Book Review: Weatherland by Andrea Harris

Book Review: Weatherland by Andrea Harris

Weatherland by Alexandra Harris is a sweeping panorama and magic carpet ride through the history of England using a quirky weathervane to measure the changing culture – the weather.

Author Alexandra Harris’ debut book won The Guardian’s Book of the Year. It’s no surprise either because this is a far-reaching, expansive book written in an engaging, poetic and erudite way.

Harris casts her curious eye and nimble mind over how weather has been portrayed since ancient times in literature and art in Britain.

In the times before the Norman Conquest, the Anglo-Saxons were living in a wintry and cold world where danger hemmed them in from all sides by invaders. During the more stable farming times of the Middle-Ages, the language and art becomes a little more rosy, with a lot of literary chatter about cuckoos, blossoms and the augurs of thunder. One of my personal favourite bits is the medieval rhyming calendar of the agrarian year, which I have already swiped out of the book and written about on this blog.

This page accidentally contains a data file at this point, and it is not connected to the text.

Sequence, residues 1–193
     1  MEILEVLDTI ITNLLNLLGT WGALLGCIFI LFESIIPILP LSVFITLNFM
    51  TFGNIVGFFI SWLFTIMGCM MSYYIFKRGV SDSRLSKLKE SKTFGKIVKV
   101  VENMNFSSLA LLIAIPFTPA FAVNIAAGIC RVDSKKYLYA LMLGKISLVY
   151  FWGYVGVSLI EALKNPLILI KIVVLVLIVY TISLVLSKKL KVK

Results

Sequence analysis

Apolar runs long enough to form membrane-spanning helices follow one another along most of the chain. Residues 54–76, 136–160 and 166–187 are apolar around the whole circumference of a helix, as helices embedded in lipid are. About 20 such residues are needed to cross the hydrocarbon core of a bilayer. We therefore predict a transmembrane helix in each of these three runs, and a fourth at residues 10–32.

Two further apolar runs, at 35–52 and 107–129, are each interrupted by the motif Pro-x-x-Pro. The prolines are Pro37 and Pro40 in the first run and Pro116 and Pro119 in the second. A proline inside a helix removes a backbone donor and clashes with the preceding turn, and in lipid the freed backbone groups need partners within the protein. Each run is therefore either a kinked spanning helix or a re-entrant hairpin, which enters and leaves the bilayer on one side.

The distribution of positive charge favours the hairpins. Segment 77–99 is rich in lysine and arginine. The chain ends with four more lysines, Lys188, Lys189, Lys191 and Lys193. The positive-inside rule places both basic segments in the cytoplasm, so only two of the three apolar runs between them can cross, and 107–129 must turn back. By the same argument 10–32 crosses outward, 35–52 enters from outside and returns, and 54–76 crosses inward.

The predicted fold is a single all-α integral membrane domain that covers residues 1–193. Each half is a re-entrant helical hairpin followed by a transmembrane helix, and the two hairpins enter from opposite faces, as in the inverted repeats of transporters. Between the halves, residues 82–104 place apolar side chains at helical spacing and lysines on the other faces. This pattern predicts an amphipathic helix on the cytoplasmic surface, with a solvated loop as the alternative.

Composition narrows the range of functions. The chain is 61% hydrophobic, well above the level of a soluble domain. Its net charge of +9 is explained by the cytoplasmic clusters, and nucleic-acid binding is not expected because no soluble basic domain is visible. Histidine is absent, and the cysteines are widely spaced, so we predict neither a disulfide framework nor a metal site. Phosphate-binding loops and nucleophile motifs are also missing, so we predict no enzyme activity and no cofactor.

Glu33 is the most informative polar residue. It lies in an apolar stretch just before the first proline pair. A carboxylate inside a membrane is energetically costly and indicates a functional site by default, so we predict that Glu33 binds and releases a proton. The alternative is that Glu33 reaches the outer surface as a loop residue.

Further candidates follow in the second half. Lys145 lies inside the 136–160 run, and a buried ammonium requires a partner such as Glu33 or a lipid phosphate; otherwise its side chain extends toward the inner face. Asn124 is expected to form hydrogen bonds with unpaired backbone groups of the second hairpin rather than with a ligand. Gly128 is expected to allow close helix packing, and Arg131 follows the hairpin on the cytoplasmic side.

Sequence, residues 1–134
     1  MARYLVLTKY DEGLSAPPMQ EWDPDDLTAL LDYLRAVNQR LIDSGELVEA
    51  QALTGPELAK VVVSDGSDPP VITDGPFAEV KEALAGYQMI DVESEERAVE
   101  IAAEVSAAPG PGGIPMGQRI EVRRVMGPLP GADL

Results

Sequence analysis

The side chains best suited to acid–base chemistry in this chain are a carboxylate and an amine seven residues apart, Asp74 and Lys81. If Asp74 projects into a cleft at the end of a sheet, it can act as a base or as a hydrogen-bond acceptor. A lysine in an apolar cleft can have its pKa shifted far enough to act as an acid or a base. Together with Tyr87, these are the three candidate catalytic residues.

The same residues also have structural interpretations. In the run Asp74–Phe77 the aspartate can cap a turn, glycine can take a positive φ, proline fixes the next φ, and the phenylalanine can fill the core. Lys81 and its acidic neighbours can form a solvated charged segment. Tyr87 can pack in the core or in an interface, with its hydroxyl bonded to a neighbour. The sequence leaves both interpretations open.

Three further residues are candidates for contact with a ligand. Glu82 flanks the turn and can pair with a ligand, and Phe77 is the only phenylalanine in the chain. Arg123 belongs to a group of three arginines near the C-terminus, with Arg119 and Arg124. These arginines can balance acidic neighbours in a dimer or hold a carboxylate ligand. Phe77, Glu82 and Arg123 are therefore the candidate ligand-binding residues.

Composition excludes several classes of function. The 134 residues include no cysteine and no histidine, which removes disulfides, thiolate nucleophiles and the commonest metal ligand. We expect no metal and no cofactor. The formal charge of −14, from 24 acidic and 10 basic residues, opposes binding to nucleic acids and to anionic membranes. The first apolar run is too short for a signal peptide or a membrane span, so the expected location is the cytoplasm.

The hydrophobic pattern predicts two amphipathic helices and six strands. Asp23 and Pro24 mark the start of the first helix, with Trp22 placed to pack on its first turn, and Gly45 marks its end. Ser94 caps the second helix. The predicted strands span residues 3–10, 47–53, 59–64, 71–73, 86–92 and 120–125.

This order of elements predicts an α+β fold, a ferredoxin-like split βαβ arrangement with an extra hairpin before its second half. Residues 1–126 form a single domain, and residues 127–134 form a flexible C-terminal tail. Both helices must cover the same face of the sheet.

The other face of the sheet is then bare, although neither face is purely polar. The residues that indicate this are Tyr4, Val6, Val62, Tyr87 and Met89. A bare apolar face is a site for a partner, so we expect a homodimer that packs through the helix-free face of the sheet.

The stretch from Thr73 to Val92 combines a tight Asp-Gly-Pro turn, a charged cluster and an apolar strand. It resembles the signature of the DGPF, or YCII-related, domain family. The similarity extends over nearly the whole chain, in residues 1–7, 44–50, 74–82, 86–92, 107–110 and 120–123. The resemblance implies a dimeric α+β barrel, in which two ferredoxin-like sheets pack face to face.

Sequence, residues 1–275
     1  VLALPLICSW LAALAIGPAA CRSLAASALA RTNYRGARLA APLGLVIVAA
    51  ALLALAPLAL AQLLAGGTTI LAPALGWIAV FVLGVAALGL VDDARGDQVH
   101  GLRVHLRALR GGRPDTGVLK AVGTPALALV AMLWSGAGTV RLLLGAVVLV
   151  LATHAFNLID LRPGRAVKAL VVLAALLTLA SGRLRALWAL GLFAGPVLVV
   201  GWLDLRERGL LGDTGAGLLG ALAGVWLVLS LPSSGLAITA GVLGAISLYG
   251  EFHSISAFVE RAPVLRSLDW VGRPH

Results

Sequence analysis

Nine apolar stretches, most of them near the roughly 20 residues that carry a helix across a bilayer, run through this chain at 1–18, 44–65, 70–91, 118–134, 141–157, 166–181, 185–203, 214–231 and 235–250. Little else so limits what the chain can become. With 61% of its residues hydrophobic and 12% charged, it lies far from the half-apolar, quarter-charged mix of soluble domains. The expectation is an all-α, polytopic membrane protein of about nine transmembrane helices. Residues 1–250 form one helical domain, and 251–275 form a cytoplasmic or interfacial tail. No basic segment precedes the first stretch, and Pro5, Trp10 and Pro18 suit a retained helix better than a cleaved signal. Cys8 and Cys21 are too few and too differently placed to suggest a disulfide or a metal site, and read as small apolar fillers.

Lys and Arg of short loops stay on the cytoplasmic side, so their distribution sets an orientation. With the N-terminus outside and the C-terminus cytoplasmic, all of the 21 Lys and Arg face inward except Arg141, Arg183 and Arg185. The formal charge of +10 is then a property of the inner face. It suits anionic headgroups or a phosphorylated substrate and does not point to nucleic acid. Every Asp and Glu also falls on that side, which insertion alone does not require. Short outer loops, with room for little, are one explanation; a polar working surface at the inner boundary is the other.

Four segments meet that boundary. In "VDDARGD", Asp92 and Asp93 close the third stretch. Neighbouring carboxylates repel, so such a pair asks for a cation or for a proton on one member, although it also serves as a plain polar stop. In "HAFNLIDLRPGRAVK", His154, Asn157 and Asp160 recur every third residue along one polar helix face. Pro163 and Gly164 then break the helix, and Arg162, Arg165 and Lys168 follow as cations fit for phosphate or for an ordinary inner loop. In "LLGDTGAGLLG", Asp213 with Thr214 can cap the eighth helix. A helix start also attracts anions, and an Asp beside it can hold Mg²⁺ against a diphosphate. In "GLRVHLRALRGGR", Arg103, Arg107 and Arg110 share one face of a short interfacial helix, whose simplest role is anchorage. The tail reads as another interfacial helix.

This book is beautifully written and introduces some ancient authors and texts that I would never have otherwise read like Beowulf or Chaucer. There are some unusual and quirky insights into the people of different times in history, how they thought of themselves in relation to their environment and how their inner worlds were a reflection of what they saw outside of their windows. This is perfect for Anglophiles and fans of English history, art and literature. It’s populated by the strong voices and distinctive personalities from history like the Shelleys, Ruskin, Shakespeare, Keats, Wordsworth and more.  

The prose is tight, imaginative, deliciously inventive. You are swept along as though you’re reading a great fictional novel. This is no prosaic story of a mundane subject. Instead it’s a majestic and all-encompassing history of England as a whole, and it’s beautiful. I relished every page and was sad when it ended.